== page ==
Saturday, March 20, 2010
1. What is the greenest state in the country?
2. How old was Davy when he killed his first bear?
3. Aside from guns and knives, what other means did Davy use to kill bears?
4. What was the name of Davy's rifle?
5. Which iconic national symbol did Davy repair when he was in Congress?
6. Why was Davy raised in the woods?
7. Who did Disney originally consider for the role before he hired Fess?
8. What business did Fess go into after his movie career was over?
9. Name three of Fess's acting roles post-Davy.
10. What country did Ronald Reagan offer to appoint Fess ambassador to?
3. He'd grin them to death.
4. Ol' Betsy
5. He patched the crack in the Liberty Bell.
6. So he would learn every tree.
7. James Arness
8. That little old winemaker, him.
9. Daniel Boone, Old Yeller, The Great Locomotive Chase
Sunday, March 14, 2010
Even if Joseph Charles had done nothing after he retired, he still would have led a full life.
Born in Lake Charles, Louisiana in 1910, he played in the Negro Leagues as a young man, managing and playing second base for the Lake Charles Black Yankees.
Once, he even batted against Satchel Paige when the great pitcher came through town on a barnstorming tour. He struck out on three straight pitches.
"But I got a foul tip," he told me proudly, "which was better than anyone else did that day."
In 1942 he joined the great African American migration from the deep South to the Bay Area, where he built Liberty ships at the Kaiser shipyard in Richmond. After World War II he worked as a longshoreman at the Oakland Naval Supply Center until his retirement in 1962.
And that's when his legend began. On the morning of Oct. 6, 1962, he stood outside his home on the corner of Oregon Street and Grove Street (now called Martin Luther King Way) and waved to the passing cars.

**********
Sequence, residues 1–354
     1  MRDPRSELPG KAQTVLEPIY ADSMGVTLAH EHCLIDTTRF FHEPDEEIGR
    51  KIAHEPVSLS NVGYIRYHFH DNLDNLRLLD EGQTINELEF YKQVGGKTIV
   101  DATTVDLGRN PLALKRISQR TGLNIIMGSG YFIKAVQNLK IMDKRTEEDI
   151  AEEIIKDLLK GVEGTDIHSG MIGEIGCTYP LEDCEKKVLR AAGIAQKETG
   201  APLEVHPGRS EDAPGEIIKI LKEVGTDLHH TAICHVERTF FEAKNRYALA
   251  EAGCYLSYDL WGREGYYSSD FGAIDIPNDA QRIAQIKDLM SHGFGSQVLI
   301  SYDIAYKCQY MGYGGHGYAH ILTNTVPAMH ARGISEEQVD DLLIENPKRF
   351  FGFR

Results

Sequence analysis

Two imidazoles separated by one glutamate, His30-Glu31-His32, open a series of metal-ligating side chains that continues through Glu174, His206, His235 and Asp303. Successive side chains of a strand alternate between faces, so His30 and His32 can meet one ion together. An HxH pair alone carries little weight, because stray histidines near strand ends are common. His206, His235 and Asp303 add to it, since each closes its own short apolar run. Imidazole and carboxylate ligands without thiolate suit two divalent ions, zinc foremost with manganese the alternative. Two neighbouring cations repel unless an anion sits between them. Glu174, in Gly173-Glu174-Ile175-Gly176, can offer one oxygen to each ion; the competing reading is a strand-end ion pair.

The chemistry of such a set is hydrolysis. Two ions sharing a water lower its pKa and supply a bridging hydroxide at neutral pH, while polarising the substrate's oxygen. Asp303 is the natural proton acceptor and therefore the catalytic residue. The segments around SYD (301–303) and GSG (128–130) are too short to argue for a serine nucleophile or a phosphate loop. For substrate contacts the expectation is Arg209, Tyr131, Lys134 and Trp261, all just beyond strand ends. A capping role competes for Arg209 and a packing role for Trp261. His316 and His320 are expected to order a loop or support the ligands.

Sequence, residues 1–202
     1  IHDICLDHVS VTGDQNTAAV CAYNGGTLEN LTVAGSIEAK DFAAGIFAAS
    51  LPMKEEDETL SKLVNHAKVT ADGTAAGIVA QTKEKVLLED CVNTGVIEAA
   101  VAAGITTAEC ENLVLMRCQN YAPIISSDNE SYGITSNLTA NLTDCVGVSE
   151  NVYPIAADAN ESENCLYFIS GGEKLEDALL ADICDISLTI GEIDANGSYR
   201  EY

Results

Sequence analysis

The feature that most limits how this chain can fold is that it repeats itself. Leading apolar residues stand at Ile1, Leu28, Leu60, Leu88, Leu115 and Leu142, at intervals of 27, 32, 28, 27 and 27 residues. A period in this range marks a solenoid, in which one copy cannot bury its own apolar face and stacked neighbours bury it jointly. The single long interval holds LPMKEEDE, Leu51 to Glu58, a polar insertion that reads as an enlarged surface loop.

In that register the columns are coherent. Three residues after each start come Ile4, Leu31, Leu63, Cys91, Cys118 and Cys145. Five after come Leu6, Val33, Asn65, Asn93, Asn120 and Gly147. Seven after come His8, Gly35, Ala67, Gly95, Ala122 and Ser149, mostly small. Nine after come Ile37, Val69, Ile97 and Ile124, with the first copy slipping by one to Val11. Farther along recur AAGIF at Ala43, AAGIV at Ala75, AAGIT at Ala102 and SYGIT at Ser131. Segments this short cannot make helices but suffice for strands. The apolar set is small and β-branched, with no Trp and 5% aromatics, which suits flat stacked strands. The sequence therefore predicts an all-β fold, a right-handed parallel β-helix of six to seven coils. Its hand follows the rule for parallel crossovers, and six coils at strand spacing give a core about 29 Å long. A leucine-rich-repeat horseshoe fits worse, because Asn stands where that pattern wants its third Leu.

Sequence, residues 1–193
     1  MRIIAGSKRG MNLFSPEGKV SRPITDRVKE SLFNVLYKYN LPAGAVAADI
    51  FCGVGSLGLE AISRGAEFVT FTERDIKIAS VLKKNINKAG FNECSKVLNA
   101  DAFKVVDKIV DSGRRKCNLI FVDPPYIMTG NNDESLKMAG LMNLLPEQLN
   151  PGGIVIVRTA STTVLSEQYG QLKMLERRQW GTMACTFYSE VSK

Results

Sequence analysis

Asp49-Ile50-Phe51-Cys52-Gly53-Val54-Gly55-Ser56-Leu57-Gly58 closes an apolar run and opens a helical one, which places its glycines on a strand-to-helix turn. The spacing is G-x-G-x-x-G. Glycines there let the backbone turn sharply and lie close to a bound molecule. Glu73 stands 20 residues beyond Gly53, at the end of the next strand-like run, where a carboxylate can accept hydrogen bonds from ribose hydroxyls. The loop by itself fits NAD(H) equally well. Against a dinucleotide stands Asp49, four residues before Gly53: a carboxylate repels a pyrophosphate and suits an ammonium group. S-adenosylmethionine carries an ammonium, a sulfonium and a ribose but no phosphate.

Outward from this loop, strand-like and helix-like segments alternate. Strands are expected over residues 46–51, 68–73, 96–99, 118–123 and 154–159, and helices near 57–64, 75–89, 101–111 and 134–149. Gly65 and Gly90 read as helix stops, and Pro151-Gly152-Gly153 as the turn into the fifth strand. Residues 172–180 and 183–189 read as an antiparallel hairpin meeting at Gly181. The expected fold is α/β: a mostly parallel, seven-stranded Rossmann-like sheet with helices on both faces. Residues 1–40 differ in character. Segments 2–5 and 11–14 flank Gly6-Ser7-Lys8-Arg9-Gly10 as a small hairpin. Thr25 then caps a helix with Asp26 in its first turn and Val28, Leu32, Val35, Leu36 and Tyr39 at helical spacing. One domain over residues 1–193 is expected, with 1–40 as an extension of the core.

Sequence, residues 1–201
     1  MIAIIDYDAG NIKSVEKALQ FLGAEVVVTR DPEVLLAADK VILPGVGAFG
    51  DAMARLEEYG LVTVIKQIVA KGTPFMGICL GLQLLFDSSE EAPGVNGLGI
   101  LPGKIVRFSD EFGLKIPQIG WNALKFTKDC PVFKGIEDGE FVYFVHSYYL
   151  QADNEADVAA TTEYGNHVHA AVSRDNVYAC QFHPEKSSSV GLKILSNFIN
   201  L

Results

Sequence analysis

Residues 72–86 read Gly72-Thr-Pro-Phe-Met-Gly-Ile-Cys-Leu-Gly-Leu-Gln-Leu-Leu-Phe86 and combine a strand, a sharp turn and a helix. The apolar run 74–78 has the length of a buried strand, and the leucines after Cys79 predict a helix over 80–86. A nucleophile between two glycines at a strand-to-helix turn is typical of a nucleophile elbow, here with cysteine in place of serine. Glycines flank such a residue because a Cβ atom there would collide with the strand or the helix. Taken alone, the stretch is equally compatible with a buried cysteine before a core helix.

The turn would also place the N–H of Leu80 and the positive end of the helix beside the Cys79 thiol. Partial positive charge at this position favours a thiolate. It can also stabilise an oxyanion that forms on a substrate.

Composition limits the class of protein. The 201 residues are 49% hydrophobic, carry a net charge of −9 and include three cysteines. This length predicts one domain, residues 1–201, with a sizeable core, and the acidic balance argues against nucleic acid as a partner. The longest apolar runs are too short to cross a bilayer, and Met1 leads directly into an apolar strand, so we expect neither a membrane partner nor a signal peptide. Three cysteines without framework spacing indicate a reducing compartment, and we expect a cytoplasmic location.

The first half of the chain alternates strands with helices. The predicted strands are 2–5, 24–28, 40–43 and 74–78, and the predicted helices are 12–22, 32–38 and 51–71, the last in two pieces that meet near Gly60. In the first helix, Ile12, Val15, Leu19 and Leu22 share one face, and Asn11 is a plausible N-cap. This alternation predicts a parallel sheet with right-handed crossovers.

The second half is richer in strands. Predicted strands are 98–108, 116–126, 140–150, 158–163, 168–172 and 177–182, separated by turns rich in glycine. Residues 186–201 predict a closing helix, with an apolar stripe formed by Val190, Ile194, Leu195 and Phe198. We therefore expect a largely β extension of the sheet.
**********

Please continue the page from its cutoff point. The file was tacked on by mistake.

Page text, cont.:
Some of his neighbors thought he was crazy and called the cops. But when the police arrived, they took one look and said, "Go ahead, Mr. Charles. You just keep on waving for as long as you want."
So he did - every morning, rain or shine, for exactly 30 years until he finally retired from waving on Oct. 6, 1992.
In the process, he became beloved.
"He was a Berkeley legend and a local treasure," said former mayor Shirley Dean. "He brought a smile to everyone who knew him."
Another former mayor, state Sen. Loni Hancock, concurred. "He was a joyful person who loved people, and they loved him right back. Seeing him every morning was a great way to start the day."
But his fans weren't confined to Berkeley. People in Oakland, Albany, El Cerrito and Richmond would drive miles out of their way, just so they could start their day by waving to The Waving Man.
That was just one of the names he was known by. Some called him Mr. Smiles, after one of his trademark greetings, "Keep smiling!"
Others called him Mr. Goodday, after his other greeting, "Have a GOOD day!" Still others called him Charley Wavesalot.
The City of Berkeley issued proclamations honoring him no fewer than seven times during his lifetime. In 1987 the tennis courts across the street from his house were re-christened the "Joseph W. Charles Tennis Courts." (Not that he was a big tennis fan, but at least he could look at the sign every day from his front window.)
Mr. Charles died in 2002, a few days short of his 92nd birthday. He outlived his wife, his children, and two of his doctors. But not his fame, which will endure forever.
Last month, a few of his admirers started a Facebook fan page for him, and within a couple of days it had more than 500 members.
Next Monday, March 22, would have been his 100th birthday, and some of his fans will celebrate by standing in front of his old house at the corner of Oregon and Martin Luther King and waving to the morning traffic.
I'll be one of them, and I hope you'll drive by and wave to us.
Until then, keep smiling. And have a GOOD day.